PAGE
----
Skills advancement: making partnerships prosper
“If you want to go fast you go alone; but if you want to go far, you go together,” was the powerful message that kicked off a live-stream video discussion to a global audience on Thursday.
The event, “Building successful partnerships for skills development”, hosted by the European Training Foundation (ETF) and the United Nations Industrial Development Organisation (UNIDO), sought to explore partnerships and how best to make them work.
Featuring Virpi Stucki, UNIDO’s Chief of Rural Entrepreneurship, Job Creation & Human Security Division; Siria Taurelli, ETF’s Senior Human Capital Development Expert; and Elfi Klumpp, Head of Partnership Development, Festo Didactic. The hour-long discussion was moderated by Karin Monaco, UNIDO’s Learning and Knowledge Development Facility (LKDF) Project Administrator.
The discussion began with Stucki highlighting the three different levels at which UNIDO operate: project, programme and platform. Regarding the first, UNIDO employ a Public Private Development Partnership (PPDP) methodology where partners can collaborate, for instance, to address a skills gap. Stucki gave the example of a Japanese heavy-duty equipment company approaching UNIDO in Zambia because it could not find machine operators. Simultaneously, the government were looking to update their Vocational Education and Training (VET) programmes, and so UNIDO used their expertise to help catalyse the project. At programme level, UNIDO employed their flagship PCP (Programme for Country Partnerships) initiative to identify bottlenecks in industrial development, then prioritised tasks and convened partnerships to address the skills gap in Zambia. Finally, multi-stakeholder platforms such as the LKDF are important, Stucki explained “because this is the place where you can share successes, but also the failures.”
The ETF is the only EU agency that is a ‘knowledge hub in capital development’ and employs its extensive network in the EU and neighbouring countries to undertake projects, studies, and evidence-based policy analysis to promote partnerships. Specifically, Taurelli explained that the ETF has learned that partnerships to improve skills can unfold at local, regional and national level, and “should be beneficial to business and society, but also individuals, so they can update their skills to get good quality jobs.”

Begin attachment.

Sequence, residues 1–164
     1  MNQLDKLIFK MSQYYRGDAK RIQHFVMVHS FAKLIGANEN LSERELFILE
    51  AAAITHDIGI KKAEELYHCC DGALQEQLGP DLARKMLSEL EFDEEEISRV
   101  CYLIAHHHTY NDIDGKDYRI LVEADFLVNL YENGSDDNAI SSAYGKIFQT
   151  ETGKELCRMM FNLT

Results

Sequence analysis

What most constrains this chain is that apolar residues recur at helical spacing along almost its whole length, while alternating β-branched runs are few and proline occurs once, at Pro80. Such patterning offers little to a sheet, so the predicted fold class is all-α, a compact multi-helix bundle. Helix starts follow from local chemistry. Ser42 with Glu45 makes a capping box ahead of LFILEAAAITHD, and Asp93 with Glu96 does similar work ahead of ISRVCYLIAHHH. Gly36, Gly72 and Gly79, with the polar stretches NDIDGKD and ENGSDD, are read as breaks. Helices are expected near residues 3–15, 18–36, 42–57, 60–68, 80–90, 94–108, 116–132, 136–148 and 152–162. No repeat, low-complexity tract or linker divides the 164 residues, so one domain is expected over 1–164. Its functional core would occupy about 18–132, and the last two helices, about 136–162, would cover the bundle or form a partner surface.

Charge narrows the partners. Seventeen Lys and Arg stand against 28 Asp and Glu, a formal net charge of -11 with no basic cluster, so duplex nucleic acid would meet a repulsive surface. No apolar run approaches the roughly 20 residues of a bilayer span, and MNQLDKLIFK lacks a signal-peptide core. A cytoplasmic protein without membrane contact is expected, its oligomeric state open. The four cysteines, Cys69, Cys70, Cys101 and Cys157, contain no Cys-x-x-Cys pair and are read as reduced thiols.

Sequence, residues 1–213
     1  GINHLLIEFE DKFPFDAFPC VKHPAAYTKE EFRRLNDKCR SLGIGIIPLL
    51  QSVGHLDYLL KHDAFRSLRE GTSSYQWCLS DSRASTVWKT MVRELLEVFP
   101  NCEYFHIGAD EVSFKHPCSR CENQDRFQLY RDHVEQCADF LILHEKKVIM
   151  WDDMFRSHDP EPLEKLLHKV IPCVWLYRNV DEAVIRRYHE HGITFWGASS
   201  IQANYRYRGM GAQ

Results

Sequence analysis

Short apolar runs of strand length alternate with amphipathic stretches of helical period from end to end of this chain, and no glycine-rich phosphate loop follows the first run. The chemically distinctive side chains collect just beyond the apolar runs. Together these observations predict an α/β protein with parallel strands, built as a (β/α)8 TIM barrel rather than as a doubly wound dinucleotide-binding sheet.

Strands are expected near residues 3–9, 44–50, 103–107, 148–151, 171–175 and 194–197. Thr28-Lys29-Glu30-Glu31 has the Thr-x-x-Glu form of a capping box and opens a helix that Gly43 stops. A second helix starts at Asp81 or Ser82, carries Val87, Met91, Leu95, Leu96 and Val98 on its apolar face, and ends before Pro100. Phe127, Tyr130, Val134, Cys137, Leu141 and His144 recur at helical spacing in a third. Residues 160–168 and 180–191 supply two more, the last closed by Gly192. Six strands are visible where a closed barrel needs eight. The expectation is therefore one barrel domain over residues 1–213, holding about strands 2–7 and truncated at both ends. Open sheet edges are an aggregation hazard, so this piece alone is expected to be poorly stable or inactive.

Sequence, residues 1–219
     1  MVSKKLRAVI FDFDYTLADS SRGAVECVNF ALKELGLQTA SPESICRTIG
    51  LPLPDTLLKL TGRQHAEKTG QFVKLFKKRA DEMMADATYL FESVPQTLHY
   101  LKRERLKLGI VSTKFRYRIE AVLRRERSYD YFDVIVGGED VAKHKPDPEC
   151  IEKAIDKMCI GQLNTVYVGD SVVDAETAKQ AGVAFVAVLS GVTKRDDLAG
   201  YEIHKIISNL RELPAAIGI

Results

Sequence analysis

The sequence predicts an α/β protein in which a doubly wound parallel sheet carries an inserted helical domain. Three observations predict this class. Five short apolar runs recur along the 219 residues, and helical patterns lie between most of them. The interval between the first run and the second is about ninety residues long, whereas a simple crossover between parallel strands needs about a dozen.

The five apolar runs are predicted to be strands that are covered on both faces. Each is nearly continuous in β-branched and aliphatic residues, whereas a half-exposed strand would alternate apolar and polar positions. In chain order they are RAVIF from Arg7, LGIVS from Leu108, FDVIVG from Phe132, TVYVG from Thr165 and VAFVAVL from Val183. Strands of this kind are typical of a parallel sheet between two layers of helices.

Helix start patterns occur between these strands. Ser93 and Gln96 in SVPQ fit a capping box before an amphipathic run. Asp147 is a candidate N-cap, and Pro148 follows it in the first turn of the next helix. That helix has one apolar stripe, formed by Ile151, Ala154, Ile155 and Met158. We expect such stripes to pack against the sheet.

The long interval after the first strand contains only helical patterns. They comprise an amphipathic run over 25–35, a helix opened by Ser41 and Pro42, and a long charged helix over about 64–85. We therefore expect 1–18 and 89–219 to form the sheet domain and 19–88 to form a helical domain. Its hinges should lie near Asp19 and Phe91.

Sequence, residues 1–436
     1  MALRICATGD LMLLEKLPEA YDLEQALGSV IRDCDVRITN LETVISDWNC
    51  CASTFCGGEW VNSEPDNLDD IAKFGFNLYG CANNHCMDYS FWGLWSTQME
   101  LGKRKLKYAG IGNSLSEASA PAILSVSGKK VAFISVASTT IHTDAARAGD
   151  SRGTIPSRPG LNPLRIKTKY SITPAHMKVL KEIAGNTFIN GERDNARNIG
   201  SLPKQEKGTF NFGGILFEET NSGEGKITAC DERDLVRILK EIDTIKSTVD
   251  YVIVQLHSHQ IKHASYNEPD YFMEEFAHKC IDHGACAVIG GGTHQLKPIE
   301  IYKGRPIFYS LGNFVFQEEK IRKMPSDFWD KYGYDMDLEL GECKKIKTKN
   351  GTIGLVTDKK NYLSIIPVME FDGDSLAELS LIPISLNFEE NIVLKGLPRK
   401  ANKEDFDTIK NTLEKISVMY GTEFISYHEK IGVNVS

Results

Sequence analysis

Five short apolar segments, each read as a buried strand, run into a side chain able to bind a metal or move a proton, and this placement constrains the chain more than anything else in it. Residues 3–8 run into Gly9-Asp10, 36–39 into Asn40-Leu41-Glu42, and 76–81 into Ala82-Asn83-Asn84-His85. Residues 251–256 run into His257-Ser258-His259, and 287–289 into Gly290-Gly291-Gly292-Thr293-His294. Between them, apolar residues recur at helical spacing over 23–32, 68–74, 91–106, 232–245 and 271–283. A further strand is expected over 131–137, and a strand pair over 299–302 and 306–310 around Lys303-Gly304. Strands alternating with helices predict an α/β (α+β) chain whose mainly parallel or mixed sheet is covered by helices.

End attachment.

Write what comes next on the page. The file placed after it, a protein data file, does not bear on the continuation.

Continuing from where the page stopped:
Festo Didactic, Klumpp explained, is a family-owned company, working across 170 countries, which, among other objectives, seeks to build bridges between industry and the education sector to fill the skills gap. Regarding partnerships, she emphasised the importance of the ‘five i’s’: Innovation, Information, Influence, Impact, and Increasing capacity; “it couldn’t be better summarised,” she said.
Including marginalised communities
‘How can skills development partnerships positively impact vulnerable communities?’ enquired the moderator.
Taurelli responded by saying that the ETF work with women and the unemployed, and highlighted its involvement in the Youth Guarantee, which aims to provide young unemployed people with quality jobs. One Serbia-based initiative brought together local training agencies, education centres and companies to offer this group individual career counselling, soft skills and key competencies, which has led to a “really striking employment rate at the end.” Further, civil society stakeholders should be included in partnerships, she emphasised, as they can help create a powerful impact.
Stucki outlined UNIDO’s method to ensure that the needs of marginalised groups are met.
In Egypt, for example, we started with a diagnostic to understand where women are in the value chain to tailor the programmes accordingly. This can vary a lot, so assumptions should be avoided, she emphasised.
Festo Didactic, on the other hand, has brought its private sector experience to improve Morocco’s municipal and industrial wastewater sector, in a project led by UNIDO and funded with US aid. “This has become very successful” to the point where they are seeking to replicate it in other countries, Klumpp said. Festo is also collaborating with the Learning and Skills Development Platform, “which is another wonderful example of public private partnership.”
Partnerships are relationships
If partnerships are going to work then “people are crucial”, continued Klumpp. Innovation and tools, such as digitilisation and green technology, are also important, as well as the ‘right stakeholders’, which should include a public driver, business partner, financing source and civil society. “Then, in the right environment, the impact flows,” she said.
Taurelli agreed but emphasised the importance of co-design and the need to take time to plan and nurture agreement. “It is important that partnerships lead to positive outcomes for learners,” she said.
Stucki added that ‘partnerships are relationships’: time needs to be invested to build trust and explore whether values and goals are shared. Then you might ‘marry’ by clarifying roles and responsibilities, and formalising the partnership. Risks are shared, but also the rewards; and if it works you can seek to replicate it, she said.
In summary, the speakers identified the following key takeaways: the need for partnerships to benefit learners, the five i’s, and the importance of the multi-stakeholder approach.
In reponse to a question from the audience about whether the motivation of international and domestic partners differ, Stucki responded that they do but only in terms of size, as multinationals have more resources such as equipment, technical expertise, and finance. Klumpp added that local companies also tend to want to develop local markets first. In conclusion, the moderator encouraged listeners to address any remaining questions to the ETF’s Open Space, online.
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